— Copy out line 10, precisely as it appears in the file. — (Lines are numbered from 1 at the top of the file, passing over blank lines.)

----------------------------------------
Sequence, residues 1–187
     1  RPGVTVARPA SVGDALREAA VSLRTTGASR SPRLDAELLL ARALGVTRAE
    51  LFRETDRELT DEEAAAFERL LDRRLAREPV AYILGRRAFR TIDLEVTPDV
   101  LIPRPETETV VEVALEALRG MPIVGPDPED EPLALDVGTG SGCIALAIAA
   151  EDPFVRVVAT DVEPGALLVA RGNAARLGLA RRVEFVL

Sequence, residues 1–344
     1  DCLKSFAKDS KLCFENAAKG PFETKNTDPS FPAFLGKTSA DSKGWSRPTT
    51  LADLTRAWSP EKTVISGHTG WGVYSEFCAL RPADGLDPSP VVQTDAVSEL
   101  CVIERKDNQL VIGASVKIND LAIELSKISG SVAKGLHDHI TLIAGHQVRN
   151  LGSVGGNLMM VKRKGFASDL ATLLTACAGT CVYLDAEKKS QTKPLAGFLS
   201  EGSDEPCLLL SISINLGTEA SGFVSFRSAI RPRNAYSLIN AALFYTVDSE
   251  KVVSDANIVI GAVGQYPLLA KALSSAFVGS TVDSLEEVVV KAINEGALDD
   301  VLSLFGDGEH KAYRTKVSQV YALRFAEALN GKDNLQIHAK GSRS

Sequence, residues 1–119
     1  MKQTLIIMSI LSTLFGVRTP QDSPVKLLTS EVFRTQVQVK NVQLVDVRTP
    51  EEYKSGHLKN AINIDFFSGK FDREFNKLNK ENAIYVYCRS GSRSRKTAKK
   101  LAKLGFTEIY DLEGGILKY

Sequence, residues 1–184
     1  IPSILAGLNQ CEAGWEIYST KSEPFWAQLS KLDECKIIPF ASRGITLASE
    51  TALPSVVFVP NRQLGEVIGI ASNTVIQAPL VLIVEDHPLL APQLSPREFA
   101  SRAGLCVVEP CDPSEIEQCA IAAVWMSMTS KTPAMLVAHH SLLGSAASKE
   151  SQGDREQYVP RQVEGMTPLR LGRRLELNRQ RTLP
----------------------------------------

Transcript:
   151  LGSVGGNLMM VKRKGFASDL ATLLTACAGT CVYLDAEKKS QTKPLAGFLS